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Are Ads More Valuable When They’re Handbags?

One of the hottest giveaways at this year’s Sustainable Brands conference was Relan’s iPad totes. Made from jettisoned billboard vinyl, the colorful, playful bags grabbed eyeballs from across the room. But there was more to these bags than meets the eye.

As Della Simpson, co-owner of Relan said, “What we’re doing is taking materials symptomatic of linear production thinking, and repurposing them to line up with new consumer values. The best part is, we’re doing it with products that look cool and engage people.”

It’s no secret what those new consumer values are. Sustainability, innovation, and a healthy dose of irony, to name a few. But I also think these bags answer a real need. And from real needs, futureproof insights are born.

Futureproof Insight One: We Want Control

For decades, advertising was a one-way street. Advertisers presented a glossy vision of their products, which the consumer passively absorbed.

If consumers thought an ad missed the mark, they grumbled at the water cooler. On the rare occasion where they complained en masse, they were either lulled by PR, or informed that the ad had been pulled. There was no avenue for collaborating with the brand to improve the message.

Social media upset that apple cart. Ads were crowdsourced. Citizen bloggers interpreted the brand for the masses. Consumer reviews became currency. Transparency and imperfection were lauded above airbrushed, sterile messages. Relan is simply taking that control shift to the street. Carefully crafted ads are literally sliced apart, re-stitched, and presented in a way that was never envisioned by their makers.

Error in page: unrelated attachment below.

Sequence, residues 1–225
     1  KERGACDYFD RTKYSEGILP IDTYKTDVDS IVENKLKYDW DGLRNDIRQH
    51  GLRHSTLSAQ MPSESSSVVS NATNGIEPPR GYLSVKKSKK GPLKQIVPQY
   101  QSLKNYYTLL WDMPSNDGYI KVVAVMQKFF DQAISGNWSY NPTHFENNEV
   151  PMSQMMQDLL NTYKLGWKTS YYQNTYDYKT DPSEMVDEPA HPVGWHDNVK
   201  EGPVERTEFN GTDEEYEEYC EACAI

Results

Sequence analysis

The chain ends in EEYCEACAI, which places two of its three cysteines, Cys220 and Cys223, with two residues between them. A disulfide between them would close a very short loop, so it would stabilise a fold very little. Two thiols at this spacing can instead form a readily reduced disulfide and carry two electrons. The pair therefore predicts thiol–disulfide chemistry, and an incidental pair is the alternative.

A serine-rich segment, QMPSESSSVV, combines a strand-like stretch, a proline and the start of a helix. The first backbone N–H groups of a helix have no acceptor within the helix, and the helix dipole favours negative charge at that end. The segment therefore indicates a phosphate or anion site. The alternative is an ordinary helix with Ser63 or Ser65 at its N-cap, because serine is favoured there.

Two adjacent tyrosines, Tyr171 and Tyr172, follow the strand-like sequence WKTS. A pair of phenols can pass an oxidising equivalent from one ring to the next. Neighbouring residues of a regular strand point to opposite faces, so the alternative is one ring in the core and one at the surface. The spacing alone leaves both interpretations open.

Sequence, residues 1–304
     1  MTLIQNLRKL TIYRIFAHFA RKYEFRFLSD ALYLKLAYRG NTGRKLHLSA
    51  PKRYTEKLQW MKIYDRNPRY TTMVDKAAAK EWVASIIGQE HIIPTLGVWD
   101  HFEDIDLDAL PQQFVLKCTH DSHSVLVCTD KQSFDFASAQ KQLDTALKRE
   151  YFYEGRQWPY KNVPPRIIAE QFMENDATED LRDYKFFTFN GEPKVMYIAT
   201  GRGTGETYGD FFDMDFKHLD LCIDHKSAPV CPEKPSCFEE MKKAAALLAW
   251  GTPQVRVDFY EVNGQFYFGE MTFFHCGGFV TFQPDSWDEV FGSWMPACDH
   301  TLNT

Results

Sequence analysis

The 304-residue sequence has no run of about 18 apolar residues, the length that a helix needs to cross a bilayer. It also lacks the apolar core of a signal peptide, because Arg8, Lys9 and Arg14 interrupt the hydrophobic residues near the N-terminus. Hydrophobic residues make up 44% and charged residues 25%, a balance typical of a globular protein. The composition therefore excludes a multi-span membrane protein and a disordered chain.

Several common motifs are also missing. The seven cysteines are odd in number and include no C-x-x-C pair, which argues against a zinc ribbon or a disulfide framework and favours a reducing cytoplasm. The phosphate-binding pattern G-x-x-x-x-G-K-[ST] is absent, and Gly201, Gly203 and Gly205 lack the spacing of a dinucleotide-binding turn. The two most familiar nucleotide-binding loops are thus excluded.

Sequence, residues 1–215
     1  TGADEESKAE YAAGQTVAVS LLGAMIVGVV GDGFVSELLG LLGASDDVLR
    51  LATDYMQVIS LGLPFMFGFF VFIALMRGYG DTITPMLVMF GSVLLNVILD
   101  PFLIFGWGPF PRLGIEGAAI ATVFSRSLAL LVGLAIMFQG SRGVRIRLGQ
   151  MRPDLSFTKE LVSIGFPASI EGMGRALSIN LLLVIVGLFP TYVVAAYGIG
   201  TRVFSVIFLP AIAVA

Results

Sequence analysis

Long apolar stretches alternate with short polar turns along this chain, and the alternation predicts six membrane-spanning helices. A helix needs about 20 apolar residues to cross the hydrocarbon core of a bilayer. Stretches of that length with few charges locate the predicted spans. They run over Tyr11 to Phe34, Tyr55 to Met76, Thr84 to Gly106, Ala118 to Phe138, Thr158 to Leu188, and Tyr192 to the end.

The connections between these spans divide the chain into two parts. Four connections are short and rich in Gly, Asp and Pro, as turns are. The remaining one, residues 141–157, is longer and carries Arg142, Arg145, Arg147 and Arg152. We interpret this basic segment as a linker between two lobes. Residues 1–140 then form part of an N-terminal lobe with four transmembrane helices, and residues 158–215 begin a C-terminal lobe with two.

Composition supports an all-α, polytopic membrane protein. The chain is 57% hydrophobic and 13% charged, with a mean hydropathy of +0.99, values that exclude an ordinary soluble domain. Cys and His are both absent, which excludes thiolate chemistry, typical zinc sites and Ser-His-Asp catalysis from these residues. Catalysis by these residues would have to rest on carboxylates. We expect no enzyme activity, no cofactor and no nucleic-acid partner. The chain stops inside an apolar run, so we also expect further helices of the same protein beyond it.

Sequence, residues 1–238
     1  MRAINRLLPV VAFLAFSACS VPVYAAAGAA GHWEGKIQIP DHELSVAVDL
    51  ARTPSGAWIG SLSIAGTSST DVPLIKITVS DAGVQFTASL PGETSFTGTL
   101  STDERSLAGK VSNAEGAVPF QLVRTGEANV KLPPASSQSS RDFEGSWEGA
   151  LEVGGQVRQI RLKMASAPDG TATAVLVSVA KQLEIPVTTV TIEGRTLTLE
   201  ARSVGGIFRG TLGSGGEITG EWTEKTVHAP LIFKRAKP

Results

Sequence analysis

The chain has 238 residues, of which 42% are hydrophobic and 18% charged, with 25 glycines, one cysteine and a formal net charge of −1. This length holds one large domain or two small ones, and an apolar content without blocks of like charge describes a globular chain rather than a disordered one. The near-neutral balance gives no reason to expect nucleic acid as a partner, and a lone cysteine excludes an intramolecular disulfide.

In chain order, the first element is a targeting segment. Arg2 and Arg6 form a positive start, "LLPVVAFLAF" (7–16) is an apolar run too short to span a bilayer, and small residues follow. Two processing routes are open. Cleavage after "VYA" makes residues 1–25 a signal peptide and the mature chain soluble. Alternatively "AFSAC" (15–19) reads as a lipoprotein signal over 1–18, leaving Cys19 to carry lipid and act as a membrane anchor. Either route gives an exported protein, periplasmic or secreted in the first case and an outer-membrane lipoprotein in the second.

Futureproof Insight Two: We Want To Create

Not long ago, we were happy to define ourselves by what we consumed. It was fine to be a Nike guy or a Harley guy. Self-expression took a back seat to fitting into the right crowd.

Today, that’s changing. Thanks to an explosion of creative tools such as Final Cut and Garage Band, and public forums such as Pinterest and Instagram, we’re defining ourselves increasingly by our own output.

Sadly, even the best tools do not an artist make. But everyone can buy unique. Antiquing is hot TV. The craft market is exploding, supported by sites such as Etsy. And products such as the Relan bags, each one unique, are capturing the eye.

Futureproof Insight Three: We Want Absolution

A few years ago, oil defined progress and prosperity. Today, it’s regarded by many as some sort of fossil heroin: We hate it because we can’t kick it, while acknowledging it’s slowly killing us. This sort of mixed response is increasingly common. We feel we’re consuming things that simply aren’t good for us or the planet, but dread the idea of doing without.

In this context, Relan is a small icon of absolution. We understand the luxury car we’re driving was sold to us by an ad but believe repurposing that ad as a handbag helps us reduce the bad. It’s a tiny ray of hope in our anxious, self-critical existence.

Small Product, Big Insight

There are a number of elements that go into a futureproof brand. But the one piece that is absolutely essential is an insight into the needs of rapidly evolving consumers. Relan is an example of a company that has tapped a number of those insights. It may be a humble bag, but its story perfectly positions it for success.

Marc Stoiber is a creative director who helps clients build resilient, futureproof brands. He previously was head of green innovation at Maddock Douglas, a leading US innovation firm; president and founder of Change, a green brand agency; national creative director… [Read more about Marc Stoiber]

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